Simulating Dynamic Battery Interfaces: In Search of Next Generation Lithium Batteries


Improving battery technologies is essential to power the next generation of electric vehicles, and for future energy storage systems that will facilitate the transition to net-zero. Lithium metal (LiM) batteries offer promise to fulfil this demand thanks to their high energy density. [1] Commercial application of LiMs, however, has yet to be realised, in part due to the instability of the Li anode. Indeed, a major challenge to prolonging LiM battery life involves optimising electrolyte components to avoid the uncontrolled formation of Li deposits at the electrode that can short-circuit the cell. This necessitates a molecular-level understanding of Li transport and exchange at the electrode-electrolyte interface.

The goal of this project will be to construct molecular dynamics models of electrode-electrolyte interfaces to resolve the microscopic mechanisms and kinetics associated with the transport of charge carriers across the interface. Leveraging state-of-the-art simulation methods and advances in force field design, we will explore the structure and properties of charged interfaces under various electrochemical conditions. Computational models will be complemented by electrochemical experiments conducted at the Stephenson Institute for Renewable Energy (SIRE) to screen the suitability of different electrolyte components for developing stable and efficient battery systems. The project will equip candidates with practical and technical skills to innovate solutions in this field, enabling them to contribute meaningfully to cutting-edge research and emerging high-power battery technologies, in collaboration with industrial partners.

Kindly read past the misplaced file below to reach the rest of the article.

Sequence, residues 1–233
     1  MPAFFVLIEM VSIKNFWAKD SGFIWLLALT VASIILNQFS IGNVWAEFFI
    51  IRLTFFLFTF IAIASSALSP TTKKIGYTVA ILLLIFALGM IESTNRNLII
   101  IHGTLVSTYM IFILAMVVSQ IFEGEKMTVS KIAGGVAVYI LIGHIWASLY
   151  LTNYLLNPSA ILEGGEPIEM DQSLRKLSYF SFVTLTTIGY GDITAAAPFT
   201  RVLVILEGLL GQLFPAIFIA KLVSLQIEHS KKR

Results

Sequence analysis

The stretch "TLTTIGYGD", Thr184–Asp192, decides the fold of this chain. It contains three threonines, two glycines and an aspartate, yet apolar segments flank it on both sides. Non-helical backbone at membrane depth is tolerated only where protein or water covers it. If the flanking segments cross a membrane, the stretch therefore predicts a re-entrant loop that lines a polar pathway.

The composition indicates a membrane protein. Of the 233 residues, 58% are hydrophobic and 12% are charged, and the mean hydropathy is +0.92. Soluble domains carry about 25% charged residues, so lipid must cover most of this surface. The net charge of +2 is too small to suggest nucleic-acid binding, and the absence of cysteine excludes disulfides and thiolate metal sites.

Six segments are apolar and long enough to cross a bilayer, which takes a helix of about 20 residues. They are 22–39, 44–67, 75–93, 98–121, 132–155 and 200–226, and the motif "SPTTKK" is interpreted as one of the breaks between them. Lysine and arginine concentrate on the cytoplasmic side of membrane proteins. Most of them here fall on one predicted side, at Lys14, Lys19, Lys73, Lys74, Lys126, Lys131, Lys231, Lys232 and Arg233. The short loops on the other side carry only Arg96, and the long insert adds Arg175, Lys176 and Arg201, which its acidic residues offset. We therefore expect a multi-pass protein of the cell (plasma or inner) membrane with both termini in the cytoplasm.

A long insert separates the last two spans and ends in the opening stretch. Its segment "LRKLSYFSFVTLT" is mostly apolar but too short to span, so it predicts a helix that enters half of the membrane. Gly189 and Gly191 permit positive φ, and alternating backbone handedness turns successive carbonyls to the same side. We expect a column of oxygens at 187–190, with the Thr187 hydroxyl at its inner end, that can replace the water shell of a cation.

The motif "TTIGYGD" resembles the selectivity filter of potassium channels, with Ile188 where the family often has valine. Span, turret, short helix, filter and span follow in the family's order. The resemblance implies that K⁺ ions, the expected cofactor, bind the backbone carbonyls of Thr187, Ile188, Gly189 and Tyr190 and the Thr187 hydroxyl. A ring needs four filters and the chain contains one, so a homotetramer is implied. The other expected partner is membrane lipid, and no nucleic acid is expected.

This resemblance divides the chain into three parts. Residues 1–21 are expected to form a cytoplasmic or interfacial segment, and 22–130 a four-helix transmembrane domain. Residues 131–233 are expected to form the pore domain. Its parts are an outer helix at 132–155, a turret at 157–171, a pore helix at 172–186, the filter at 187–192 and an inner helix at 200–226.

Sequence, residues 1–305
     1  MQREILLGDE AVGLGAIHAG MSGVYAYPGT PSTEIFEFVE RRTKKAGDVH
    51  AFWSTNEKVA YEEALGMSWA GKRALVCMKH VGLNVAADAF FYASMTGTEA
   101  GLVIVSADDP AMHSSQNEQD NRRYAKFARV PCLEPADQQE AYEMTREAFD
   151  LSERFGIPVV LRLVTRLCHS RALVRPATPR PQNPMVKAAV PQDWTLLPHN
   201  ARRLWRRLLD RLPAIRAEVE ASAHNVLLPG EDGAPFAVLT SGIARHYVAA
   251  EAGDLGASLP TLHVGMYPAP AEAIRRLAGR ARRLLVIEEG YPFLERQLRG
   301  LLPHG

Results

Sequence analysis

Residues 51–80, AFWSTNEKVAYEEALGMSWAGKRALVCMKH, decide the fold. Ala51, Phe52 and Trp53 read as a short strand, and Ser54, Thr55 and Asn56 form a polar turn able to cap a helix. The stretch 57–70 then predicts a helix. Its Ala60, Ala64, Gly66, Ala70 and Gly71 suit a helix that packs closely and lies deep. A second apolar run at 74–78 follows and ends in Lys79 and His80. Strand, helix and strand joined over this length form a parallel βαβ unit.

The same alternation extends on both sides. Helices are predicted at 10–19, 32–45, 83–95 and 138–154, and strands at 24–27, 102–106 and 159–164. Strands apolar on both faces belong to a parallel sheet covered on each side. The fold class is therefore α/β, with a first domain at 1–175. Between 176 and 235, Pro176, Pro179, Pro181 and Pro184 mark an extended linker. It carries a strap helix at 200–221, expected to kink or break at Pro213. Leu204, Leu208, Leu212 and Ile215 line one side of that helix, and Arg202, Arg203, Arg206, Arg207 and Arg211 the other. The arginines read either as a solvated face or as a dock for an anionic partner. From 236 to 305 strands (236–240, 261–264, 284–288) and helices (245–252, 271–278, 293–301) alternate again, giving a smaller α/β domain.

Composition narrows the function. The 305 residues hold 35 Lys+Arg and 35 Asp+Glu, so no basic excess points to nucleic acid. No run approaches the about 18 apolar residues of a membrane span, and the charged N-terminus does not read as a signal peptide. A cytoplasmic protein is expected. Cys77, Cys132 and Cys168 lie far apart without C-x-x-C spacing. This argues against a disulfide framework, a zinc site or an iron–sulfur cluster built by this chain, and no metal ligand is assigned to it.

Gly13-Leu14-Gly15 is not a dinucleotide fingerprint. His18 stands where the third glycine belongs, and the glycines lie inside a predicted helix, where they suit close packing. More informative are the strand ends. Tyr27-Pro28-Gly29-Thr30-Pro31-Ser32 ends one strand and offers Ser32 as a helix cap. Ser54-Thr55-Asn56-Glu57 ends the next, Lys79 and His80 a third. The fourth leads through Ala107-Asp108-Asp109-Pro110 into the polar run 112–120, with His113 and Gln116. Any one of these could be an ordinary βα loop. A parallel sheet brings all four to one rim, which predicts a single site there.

Applicant Eligibility

Candidates will have, or be due to obtain, a Master’s Degree or equivalent from a reputable University. Exceptional candidates with a First Class Bachelor’s Degree in an appropriate field will also be considered.  This cross-disciplinary project is suitable for candidates with backgrounds in Materials Science and Engineering, Chemistry, Physics, or related disciplines. The ideal candidate should have an interest in computational methods such as molecular dynamics, data science, machine learning, etc., and applying these techniques to address complex problems in advanced technologies. The selected student will have access to a cohort-training programme focused on applying digital methods (data and physics-based models, robotics, and automation) to materials chemistry and will be based at the Materials Innovation Factory (MIF), the largest industry-academia colocation in UK physical science. PhD training content has been developed with 35 industrial partners and is designed to generate flexible, employable, enterprising researchers who can communicate across domains.

Application Process

Candidates wishing to apply should complete the University of Liverpool application form applying for a PhD in Materials Engineering and uploading: Degree Certificates & Transcripts, an up-to-date CV, a covering letter/personal statement and two academic references. Applicants are advised to apply as soon as possible before the deadline.

We want all of our staff and students to feel that Liverpool is an inclusive and welcoming environment that actively celebrates and encourages diversity. We are committed to working with students to make all reasonable project adaptations including supporting those with caring responsibilities, disabilities or other personal circumstances. For example, if you have a disability you may be entitled to a Disabled Students Allowance on top of your studentship to help cover the costs of any additional support that a person studying for a doctorate might need as a result.


Open to students worldwide

Funding information

Funded studentship

The EPSRC funded Studentship will cover full tuition fees of £4,786 per year and pay a maintenance grant for 4 years, starting at the UKRI minimum of £19,237 pa. for 2024-2025. The Studentship also comes with access to additional funding in the form of a research training support grant which is available to fund conference attendance, fieldwork, internships etc.

EPSRC Studentships are available to any prospective student wishing to apply including international students. Up to 30% of our cohort can comprise of international students and they will not be charged the fee difference between UK and international rate.



  1. Bruce, P., Freunberger, S., Hardwick, L. et al. Nature Mater. 11, 19–29 (2012)